Tennessee plant in lead to build new VW crossover: U.S. VW executive
DETROIT (Reuters) - Volkswagen AG (VOWG_p.DE) is leaning toward building a seven-passenger crossover utility vehicle at its plant in Chattanooga, Tennessee, rather than at its facility in Puebla in Mexico, a U.S. executive of the German automaker said on Tuesday.
Marc Trahan, executive vice president for U.S. quality, said cost will be the primary factor in the final decision.
The decision will be made by the end of the year, he told reporters after a speech to the Automotive Press Association in Detroit.
Trahan said the Chattanooga plant, which now builds the compact Passat sedan and opened in 2011, was made to produce more than one vehicle.
Adding another vehicle to the plant's output is a given, he said. "It's not a question of if, it's only a question of when and what," he said.
While he said VW has not yet made a decision, when asked which of the two plants was in the lead to build the seven-passenger crossover utility vehicle, he said, "Chattanooga."
Trahan would not say whether an effort by the United Auto Workers union to represent the 2,500 workers at Chattanooga would influence the final decision.
Volkswagen has told its workers in Chattanooga that it is in talks with the UAW regarding placing a German-style worker representation model, which would include both blue- and white-collar workers, at the plant. The issue is divisive among the workforce, and many Tennessee politicians have been vocal in their opposition to the UAW being involved at Chattanooga.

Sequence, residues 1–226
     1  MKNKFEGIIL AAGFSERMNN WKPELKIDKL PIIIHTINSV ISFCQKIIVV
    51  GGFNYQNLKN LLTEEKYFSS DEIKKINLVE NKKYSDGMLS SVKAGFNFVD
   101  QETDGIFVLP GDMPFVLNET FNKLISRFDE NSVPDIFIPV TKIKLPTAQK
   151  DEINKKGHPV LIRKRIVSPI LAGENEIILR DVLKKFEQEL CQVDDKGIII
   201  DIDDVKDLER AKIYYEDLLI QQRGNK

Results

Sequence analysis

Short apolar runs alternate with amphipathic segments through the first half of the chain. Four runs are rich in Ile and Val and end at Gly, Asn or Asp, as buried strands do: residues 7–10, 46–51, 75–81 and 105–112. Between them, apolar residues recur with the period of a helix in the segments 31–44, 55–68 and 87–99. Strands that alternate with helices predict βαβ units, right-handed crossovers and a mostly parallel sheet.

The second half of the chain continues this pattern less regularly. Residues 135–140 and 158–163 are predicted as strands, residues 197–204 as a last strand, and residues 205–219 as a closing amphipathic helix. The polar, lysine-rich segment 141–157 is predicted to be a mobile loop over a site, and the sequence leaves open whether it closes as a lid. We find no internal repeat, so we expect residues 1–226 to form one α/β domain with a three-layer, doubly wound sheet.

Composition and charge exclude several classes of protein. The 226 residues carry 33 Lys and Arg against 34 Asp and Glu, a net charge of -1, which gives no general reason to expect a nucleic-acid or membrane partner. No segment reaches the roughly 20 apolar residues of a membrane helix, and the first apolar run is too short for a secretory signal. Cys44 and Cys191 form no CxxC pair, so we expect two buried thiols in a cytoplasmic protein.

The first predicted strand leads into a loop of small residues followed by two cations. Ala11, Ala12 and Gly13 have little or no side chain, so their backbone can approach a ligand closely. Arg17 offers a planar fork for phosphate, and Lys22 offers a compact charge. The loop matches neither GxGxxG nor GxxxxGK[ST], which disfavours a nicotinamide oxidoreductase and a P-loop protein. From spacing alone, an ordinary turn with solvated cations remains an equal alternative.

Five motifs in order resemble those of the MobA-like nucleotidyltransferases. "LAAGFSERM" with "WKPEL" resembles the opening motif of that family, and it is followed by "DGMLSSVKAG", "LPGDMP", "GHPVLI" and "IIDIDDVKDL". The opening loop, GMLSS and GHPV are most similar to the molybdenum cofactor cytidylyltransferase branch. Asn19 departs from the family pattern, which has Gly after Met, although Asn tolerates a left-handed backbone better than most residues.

The UAW has said that more than half of the workers at the plant have signed cards indicating support for the union.
The seven-passenger crossover vehicle is to be built on the same basic modular platform as the VW Golf and Jetta sedans.
The vehicle, named the "Cross Blue" concept when it was shown at the Detroit auto show last January, would be sold in the U.S. market by either 2016 or 2017, Trahan said.
A crossover has SUV-like style and utility but rides and handles more like a car than a truck. Automakers are rolling out more crossovers in every size and price segment as consumers, attracted by the flexibility and functionality afforded by CUVs, continue to move away from more traditional body styles such as sedans and wagons.
(Additional reporting by Ben Klayman; Editing by John Wallace)
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